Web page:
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International  tournaments | new star korea-china, 8th edition, 2005  
Picture overview
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Venue: Hidden in the famous Huangshan mountains, the village of Hong Cun is the picturesque setting of the 8th China-Korea New Star match.

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Venue: Villagers washing their laundry in the Moon Crescent Pond. Not much has changed in appearance here since the Ming and Qing dynasties (16th-19th centuries).

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Venue: The old South Lake bridge. No wonder UNESCO listed Hong Cun among its "World Cultural Heritages".

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Venue: A unique feature is the ancient water-supplying system, with running water distributed to every house (the rule holds to day: Drinking before 9 a.m., other uses after.)

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Venue: Of course tourism is the main activity, but Hong Cun is still alive - this school is in use nowadays. In 2000, Ang Lee chose this location to film the famous "Crouching Tiger/Hidden Dragon".

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Venue: Huangshan, the Yellow Mountain of Anhui province, is famous for its 4 Wonders: strange pines, fantastic rocks, hot springs, and seas of clouds.

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Venue: The day before the match, a friendly warm-up between Gu Li and Park YoungHoon. Awed by the breathtaking scenery, both vowed to play games "as beautiful as the natural site".

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Opening ceremony: Chinese Xinren Wang, Gu Li (right), meets Korean BC Card Cup winner Park YoungHoon for the 8th annual China/Korea New Star match.

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Opening ceremony: Park 9p is the most successful Korean player since the beginning of 2005; as for Gu Li, he's been the undisputed Chinese #1 for more than a year now. Their status is not much in keeping with the whole "New Star" idea...

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Opening ceremony: This led both the Hankuk Ki-Won and WeiQi Association (represented by President Wang Runan) to announce stricter age and ranks limits to qualify for next year's match.

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Round 1: The Korean, holding Black, chose the fashionable mini-Chinese fuseki. White 8 as a high kakari is the latest idea, as opposed to this or that wariuchi which was preferred before.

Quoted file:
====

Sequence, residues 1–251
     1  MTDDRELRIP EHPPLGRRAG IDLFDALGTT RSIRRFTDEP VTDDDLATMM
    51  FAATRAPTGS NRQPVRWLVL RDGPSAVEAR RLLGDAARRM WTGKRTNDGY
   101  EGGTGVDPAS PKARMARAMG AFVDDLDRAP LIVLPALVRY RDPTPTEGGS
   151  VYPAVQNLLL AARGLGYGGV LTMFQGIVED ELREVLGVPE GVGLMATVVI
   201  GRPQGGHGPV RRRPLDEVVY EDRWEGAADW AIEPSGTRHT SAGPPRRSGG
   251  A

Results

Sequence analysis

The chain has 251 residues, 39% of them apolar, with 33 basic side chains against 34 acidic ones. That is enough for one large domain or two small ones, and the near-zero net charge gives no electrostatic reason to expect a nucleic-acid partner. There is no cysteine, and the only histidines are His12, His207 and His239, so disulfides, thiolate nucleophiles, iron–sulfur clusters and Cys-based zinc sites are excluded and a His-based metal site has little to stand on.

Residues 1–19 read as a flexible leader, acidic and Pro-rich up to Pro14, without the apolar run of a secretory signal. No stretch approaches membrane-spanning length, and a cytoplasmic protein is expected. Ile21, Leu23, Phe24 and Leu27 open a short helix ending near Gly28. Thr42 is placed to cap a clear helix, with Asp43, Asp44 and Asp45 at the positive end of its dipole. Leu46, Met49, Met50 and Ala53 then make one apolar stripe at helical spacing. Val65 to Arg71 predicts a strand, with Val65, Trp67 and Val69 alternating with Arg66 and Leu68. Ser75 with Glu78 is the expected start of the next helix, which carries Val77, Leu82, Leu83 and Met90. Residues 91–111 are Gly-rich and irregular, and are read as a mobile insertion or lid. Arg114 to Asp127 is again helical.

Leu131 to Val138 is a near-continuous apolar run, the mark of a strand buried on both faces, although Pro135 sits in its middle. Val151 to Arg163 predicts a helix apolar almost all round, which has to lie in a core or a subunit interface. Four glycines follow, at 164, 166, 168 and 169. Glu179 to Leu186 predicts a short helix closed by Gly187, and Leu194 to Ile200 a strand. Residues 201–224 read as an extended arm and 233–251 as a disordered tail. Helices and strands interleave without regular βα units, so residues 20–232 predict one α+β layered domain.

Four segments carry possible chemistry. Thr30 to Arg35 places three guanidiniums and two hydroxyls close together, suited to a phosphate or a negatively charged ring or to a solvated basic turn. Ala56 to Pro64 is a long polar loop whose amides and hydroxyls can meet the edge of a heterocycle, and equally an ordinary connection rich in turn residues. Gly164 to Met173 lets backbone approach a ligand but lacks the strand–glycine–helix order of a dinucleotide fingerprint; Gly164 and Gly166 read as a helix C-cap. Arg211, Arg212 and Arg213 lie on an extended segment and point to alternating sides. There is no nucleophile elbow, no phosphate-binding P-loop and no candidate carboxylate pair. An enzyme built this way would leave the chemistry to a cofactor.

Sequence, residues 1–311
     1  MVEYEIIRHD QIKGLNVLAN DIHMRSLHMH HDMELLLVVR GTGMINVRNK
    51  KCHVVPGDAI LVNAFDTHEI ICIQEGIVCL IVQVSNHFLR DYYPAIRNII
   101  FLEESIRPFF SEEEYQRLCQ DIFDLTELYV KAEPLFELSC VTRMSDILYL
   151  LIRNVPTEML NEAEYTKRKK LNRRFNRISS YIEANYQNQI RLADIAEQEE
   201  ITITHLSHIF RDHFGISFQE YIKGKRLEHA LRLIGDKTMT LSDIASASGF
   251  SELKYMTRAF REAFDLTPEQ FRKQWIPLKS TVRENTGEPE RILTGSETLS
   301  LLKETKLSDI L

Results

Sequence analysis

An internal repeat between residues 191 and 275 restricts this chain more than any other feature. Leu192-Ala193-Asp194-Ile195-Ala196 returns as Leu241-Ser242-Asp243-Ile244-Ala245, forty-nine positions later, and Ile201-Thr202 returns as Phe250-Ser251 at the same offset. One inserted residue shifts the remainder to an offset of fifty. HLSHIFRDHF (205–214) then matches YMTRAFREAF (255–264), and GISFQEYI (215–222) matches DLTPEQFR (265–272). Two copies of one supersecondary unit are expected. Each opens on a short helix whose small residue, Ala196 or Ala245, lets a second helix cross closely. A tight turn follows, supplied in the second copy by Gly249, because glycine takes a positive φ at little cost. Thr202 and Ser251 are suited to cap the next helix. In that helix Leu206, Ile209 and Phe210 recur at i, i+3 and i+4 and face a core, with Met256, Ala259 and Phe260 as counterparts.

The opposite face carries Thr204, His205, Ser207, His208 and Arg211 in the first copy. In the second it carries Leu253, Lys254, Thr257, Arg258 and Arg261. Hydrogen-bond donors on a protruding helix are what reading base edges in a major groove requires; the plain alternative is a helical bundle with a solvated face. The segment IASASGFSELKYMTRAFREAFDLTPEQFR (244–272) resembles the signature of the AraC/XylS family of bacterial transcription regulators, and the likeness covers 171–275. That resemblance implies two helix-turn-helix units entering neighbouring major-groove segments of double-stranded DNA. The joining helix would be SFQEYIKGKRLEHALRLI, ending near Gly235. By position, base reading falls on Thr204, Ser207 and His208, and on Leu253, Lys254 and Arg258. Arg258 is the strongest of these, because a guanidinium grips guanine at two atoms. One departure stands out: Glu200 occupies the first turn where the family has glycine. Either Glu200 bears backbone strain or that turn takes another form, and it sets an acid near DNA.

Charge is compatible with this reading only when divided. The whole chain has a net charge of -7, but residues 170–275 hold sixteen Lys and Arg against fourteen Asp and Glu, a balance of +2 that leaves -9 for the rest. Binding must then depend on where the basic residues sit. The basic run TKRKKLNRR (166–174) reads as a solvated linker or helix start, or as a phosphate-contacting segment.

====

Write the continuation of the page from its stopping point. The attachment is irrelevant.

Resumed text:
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Round 1: Is the resulting White South-East formation thick or slow ? Pros tell us these are two sides of the same coin. The balance is everything in Go.

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Round 1: The referee checks the score - a solid 3.5 points victory for Park.

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Round 2: Perhaps disquieted by his defeat two days before, Gu Li departs from his usual sanrensei fuseki. The pincer/ counter-pincer of White 6 and Black 7 is often played recently.

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Round 2: Gu Li waits for Park's White 8. Notice the table clock: The players themselves manage their time, a rare (new ?) feature in title games.

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Round 2: During the post-mortem, Park reviews the North-West joseki. As in Round 1, Black won through exerting careful but relentless pressure, leading to a decisive third round. Violence awaits its day...

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Round 3: Park on Black chooses the mini-Chinese again, but changes move 9 to a wider pincer. The game soon turns into a bloodshed in which he's properly outread by Gu Li.

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Round 3: The mauling he's just taken doesn't deprive Park of his humor, though it must be an uncommon experience to him. Yet another New Star match goes China's way who leads 5-3 overall.

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Prize-giving: In this bilateral New Star tournament, the only Korean to take the bigger cup home for the last 5 years was Lee SeDol in 2002 (he beat Peng Quan then).

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